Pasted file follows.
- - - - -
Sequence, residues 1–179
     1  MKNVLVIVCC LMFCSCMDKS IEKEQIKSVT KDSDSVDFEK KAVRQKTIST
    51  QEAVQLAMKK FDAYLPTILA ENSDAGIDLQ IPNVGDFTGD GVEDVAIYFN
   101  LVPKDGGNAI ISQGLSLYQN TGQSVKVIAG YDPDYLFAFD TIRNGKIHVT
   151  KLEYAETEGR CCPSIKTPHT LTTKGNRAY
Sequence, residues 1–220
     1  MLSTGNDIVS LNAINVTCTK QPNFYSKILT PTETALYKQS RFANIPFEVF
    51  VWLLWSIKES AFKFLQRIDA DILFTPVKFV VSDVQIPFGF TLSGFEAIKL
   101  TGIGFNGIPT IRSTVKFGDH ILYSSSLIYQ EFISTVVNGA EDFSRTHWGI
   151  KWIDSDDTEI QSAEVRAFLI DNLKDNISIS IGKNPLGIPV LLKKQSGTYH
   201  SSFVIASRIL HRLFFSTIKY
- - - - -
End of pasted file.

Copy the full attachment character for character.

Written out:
Sequence, residues 1–179
     1  MKNVLVIVCC LMFCSCMDKS IEKEQIKSVT KDSDSVDFEK KAVRQKTIST
    51  QEAVQLAMKK FDAYLPTILA ENSDAGIDLQ IPNVGDFTGD GVEDVAIYFN
   101  LVPKDGGNAI ISQGLSLYQN TGQSVKVIAG YDPDYLFAFD TIRNGKIHVT
   151  KLEYAETEGR CCPSIKTPHT LTTKGNRAY
Sequence, residues 1–220
     1  MLSTGNDIVS LNAINVTCTK QPNFYSKILT PTETALYKQS RFANIPFEVF
    51  VWLLWSIKES AFKFLQRIDA DILFTPVKFV VSDVQIPFGF TLSGFEAIKL
   101  TGIGFNGIPT IRSTVKFGDH ILYSSSLIYQ EFISTVVNGA EDFSRTHWGI
   151  KWIDSDDTEI QSAEVRAFLI DNLKDNISIS IGKNPLGIPV LLKKQSGTYH
   201  SSFVIASRIL HRLFFSTIKY